On 28 July 2010, the United Nations Education, Scientific and Cultural Organization (UNESCO) world heritage committee removed the Galápagos Islands from the list of world heritage sites in danger.
Recession is biggest tourism deterrent
The Galápagos Islands were added to the list in 2007 because rapid increases in tourists and residents, in addition to excessive fishing and the introduction of non-native animal and plant species, threatened the delicate eco-system.
Although tourists are concerned about the islands’ conservation, the placement of the islands’ on the danger list did not lead to a decline in visitation in 2008. It took the global recession to cause a decline in foreign visitors in 2009 although domestic visitors increased.
Government implements changes but critics abound
The Ecuadorian government worked quickly to remove the Galápagos Islands from the danger list. It began to strictly enforce its migration policies and deport “illegal” residents. It also implemented programs to eliminate invasive animal and plant species. The government incorporated clean energy sources, such as solar power.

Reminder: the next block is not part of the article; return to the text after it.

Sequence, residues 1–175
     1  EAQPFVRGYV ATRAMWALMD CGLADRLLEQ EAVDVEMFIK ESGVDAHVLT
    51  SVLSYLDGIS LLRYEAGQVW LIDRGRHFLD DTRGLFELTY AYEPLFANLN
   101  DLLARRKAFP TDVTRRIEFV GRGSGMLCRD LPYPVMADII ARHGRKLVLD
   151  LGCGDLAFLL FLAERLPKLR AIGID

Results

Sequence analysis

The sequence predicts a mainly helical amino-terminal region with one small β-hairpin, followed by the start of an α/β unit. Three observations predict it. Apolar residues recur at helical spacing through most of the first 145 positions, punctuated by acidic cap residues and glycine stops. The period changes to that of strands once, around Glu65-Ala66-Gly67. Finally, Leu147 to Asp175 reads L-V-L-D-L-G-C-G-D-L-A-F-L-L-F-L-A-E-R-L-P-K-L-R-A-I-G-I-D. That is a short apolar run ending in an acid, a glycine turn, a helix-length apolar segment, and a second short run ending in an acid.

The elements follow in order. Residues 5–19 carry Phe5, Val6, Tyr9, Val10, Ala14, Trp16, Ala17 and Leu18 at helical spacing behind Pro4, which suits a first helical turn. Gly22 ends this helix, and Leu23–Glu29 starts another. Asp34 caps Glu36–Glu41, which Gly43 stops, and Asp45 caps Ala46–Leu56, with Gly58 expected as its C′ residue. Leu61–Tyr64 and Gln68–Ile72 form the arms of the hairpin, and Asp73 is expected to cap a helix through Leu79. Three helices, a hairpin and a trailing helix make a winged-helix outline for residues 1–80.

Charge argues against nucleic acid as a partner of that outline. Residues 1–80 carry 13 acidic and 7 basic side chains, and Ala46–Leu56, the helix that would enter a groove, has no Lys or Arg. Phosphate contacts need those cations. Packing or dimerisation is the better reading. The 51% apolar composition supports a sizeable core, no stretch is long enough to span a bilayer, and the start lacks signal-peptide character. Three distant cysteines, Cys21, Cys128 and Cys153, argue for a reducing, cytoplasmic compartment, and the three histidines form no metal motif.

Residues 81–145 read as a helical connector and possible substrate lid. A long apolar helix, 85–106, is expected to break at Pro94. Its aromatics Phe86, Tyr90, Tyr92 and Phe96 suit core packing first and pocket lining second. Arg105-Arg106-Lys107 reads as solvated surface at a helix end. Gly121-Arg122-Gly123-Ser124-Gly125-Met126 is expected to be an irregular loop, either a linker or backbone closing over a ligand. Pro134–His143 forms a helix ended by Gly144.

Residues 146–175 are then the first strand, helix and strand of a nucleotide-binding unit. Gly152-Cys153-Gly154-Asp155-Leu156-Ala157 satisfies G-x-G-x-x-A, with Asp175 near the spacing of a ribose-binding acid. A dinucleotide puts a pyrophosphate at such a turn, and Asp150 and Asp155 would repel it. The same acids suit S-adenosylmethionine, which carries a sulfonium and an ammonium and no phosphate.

Despite these efforts, many conservancy groups criticized UNESCO’s decision. Both the Galápagos Conservancy and the International Union for Conservation of Nature (IUCN) argue that the decision was premature and the government has not done enough to minimize the risk to the island’s unique plants and animals.
Future growth in tourism likely
According to industry sources, visitation rebounded by around 20% in the first few months of 2010 as the global economy began its recovery. Future growth in tourism is likely with the expansion of airlift to the islands.
For example, LAN airlines launched its first flight to the Galápagos on 17 September 2010, which will likely increase daily passengers to the islands by 25% to 750. The airline has also applied to fly to the other airport on the islands, which would further increase the number of passengers.
Industry sources speculate that the number of visitors could grow between 50% and 80% over the next five years. It remains to be seen if the government can manage this strong growth in tourism while protecting the islands’ unique and fragile eco-system.